In worlds where the fates of thousands and the destination of millions of dollars rides on the accuracy of results from a smattering of votes, it’s almost understandable that there are countless examples of people complaining about outcomes. Lord knows we’ve seen it in politics–lately, especially. We’ve also seen it in media since–well, pretty much since Nielsen started measuring it. When the results don’t come out in our favor, people bitch.
I was personally a part of numerous such campaigns of frustration, ranging in relative reality-grounding from a group of studios who couldn’t grasp how quality syndicated sitcoms like MARBLEHEAD MANOR were delivering significantly lower ratings in national measurement vs. local, to attacking sample composition of Hispanics in response to a politically enginereed challenge to an FCC license, to a more private challenge of being shriekedly asked by one of my bosses to “napalm Oldsmar”, which just happens to be the Florida city where Nielsen is headquartered, when a personally revered show was being handily beaten in ratings by a competitor this person insisted had to be benefitting from some sort of backchanneled payment.
So I’m far less surprised than are many writers and observers at all of the consternation and accusations that have been fired back and forth this week between Nielsen and the Video Advertising Bureau surrounding the recent announcement that THE HOLLYWOOD REPORTER’s Rick Porter recapped for his readers yesterday:
The ratings service is planning to incorporate some first-party data from Amazon into its national panel ratings for the 2023 season. Last year, Amazon and Nielsen signed a first-of-its-kind deal for Nielsen to provide ratings for TNF games, putting the streaming telecasts on equal footing with NFL games on broadcast and cable. Amazon also put out its own numbers, however, which were frequently a good bit higher than the Nielsen ratings.
Earlier this year, Nielsen invited sports broadcasters join a working group about integrating first-party streaming data into national averages for live sports. Thursday Night Football is set to be the first to include both sets of data in a single number; Nielsen has submitted its plan to the Media Rating Council, a regulatory body that accredits media measurement providers. (The MRC suspended Nielsen’s national TV accreditation in 2021 over issues with its sample during the height of the COVID-19 pandemic but reinstated it in April.)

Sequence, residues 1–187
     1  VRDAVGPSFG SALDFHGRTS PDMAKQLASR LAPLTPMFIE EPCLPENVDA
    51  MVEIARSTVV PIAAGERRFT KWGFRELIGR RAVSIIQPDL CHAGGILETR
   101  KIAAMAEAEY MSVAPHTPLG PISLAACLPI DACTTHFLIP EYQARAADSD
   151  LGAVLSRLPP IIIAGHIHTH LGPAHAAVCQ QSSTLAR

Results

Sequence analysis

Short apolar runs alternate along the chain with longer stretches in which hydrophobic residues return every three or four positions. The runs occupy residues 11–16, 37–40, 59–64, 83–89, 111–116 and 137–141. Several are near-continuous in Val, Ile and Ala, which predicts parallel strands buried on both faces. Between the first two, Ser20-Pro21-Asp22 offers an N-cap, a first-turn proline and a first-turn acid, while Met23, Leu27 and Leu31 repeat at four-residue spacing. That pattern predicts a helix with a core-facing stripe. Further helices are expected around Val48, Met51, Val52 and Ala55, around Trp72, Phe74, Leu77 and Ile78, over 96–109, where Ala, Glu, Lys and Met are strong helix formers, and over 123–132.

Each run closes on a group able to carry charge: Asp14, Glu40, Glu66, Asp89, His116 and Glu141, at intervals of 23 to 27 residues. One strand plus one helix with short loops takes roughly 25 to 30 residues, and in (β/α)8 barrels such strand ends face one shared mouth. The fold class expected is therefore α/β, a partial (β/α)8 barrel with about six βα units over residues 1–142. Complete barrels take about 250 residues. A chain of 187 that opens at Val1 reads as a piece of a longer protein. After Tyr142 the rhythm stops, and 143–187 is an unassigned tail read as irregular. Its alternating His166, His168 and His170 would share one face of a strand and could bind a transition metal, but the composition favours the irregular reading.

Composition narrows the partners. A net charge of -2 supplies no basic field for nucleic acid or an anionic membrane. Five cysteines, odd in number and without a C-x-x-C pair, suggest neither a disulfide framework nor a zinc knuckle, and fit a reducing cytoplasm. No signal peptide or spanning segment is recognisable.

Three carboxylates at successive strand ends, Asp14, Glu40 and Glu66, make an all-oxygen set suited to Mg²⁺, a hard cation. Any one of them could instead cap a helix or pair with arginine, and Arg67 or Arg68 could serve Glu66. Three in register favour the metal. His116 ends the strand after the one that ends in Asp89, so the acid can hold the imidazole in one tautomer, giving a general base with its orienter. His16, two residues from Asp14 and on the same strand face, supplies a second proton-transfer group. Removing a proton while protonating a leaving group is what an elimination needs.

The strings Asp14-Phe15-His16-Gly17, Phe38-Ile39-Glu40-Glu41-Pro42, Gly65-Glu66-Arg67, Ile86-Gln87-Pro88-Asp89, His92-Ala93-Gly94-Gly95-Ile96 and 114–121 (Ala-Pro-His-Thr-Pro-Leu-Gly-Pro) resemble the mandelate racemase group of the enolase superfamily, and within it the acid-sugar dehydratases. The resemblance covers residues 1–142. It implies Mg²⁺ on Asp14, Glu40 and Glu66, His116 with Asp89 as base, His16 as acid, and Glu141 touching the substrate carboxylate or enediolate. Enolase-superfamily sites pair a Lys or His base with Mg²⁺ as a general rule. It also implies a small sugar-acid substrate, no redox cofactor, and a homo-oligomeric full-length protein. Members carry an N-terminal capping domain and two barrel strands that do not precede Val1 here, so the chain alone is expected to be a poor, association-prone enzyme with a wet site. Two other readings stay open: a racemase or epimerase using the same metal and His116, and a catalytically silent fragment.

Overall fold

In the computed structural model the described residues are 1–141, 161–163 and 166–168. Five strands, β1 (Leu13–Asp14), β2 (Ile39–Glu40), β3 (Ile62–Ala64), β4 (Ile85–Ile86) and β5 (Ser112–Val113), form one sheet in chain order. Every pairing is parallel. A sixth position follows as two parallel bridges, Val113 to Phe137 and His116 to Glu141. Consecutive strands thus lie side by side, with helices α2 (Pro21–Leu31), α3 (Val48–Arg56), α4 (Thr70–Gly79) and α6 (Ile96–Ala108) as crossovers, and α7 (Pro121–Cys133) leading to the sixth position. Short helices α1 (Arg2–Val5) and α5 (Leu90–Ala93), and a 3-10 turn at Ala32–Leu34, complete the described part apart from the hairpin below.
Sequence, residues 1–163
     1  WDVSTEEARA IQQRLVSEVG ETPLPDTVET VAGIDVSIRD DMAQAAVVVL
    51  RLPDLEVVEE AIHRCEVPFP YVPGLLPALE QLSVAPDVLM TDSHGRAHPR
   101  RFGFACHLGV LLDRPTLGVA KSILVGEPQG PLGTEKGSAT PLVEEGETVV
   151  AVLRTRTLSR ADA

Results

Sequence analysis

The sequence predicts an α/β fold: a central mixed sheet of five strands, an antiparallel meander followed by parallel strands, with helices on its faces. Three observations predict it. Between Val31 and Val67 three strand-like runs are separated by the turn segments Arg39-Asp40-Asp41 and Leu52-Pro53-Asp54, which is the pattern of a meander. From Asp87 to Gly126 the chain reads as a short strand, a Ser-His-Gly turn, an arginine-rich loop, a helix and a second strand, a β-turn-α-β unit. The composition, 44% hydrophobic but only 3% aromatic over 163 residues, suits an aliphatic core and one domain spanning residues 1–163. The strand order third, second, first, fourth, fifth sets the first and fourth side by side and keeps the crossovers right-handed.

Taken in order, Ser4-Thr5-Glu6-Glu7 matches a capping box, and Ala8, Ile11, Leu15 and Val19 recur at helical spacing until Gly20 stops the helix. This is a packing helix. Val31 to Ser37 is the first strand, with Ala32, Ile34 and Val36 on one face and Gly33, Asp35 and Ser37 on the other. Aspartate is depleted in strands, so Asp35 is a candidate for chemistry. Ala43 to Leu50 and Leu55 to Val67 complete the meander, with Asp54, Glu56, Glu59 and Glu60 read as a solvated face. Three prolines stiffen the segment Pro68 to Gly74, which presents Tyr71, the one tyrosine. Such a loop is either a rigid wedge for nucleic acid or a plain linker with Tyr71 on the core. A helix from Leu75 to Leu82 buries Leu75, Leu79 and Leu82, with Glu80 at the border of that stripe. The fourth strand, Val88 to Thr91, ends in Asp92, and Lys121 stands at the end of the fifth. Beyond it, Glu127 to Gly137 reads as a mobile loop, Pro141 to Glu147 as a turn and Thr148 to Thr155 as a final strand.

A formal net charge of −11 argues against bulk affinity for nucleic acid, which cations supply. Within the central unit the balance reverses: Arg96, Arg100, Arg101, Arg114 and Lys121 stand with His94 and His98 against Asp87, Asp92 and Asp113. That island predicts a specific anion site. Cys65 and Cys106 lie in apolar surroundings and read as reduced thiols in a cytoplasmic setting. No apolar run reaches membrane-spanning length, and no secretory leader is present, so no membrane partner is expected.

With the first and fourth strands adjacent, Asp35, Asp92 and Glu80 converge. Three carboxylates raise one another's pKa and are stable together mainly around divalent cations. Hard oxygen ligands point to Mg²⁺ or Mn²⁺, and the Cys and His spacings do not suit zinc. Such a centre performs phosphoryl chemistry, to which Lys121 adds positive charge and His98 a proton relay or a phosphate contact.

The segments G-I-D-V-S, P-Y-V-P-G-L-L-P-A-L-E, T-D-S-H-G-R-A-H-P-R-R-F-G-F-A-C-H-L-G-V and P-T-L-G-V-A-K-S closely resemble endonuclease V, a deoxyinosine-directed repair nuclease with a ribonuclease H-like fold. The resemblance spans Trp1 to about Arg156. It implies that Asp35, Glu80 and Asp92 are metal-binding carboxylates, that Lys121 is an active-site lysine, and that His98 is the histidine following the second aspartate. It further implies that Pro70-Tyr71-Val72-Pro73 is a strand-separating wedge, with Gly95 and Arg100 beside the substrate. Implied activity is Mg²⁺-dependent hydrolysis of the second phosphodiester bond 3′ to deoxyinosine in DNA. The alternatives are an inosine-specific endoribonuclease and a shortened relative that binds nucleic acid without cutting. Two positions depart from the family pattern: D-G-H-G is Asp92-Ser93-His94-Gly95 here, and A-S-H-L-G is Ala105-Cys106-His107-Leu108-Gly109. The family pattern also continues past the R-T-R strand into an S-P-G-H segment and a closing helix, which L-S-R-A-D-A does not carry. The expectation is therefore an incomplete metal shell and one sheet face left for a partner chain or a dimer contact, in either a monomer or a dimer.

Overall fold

The plan, however, has come under fire from the Video Advertising Bureau, a trade group whose members include several other NFL broadcasters. The VAB, a frequent Nielsen critic, sent a letter to the ratings provider Tuesday asking Nielsen not to go ahead with the plan to incorporate Amazon’s data with its own.
“We see Nielsen’s articulated NFL plans for Amazon…as Nielsen clearly forcing changes into a highly valued, highly visible, ultra-competitive multi-billion-dollar sports content arena; changes that will greatly benefit one Nielsen client (Amazon) while negatively impacting multiple Nielsen clients (all remainder NFL programmers, distributors & ad sellers),” reads the letter, signed by VAB president and CEO Sean Cunningham.
Cunningham is essentially a lobbyist working on behalf of his members, and is a veteran of several top ad agencies, where the top priority is not whether viewers see content but rather if they see a commercial. And the clients he champions have more than a vested interest in wanting to be able to sell more of them than their competitors. So one can’t truly fault Cunningham for trying this strategy on behalf of companies that pay him for that.
But one can’t help but notice that some of the vehement critics are companies who for decades have urged Nielsen to do a better job at measuring them. And none has been more vocal than FOX. Go back to 1996, when BROADCASTING’s Steve Coe reported this outburst by then-chairman Chase Carey at an affiliates’ meeting in Las Vegas:
Repeating an oft -heard theme at Fox meetings, Carey blasted Nielsen and took the network’s position a step further by saying that Fox will consider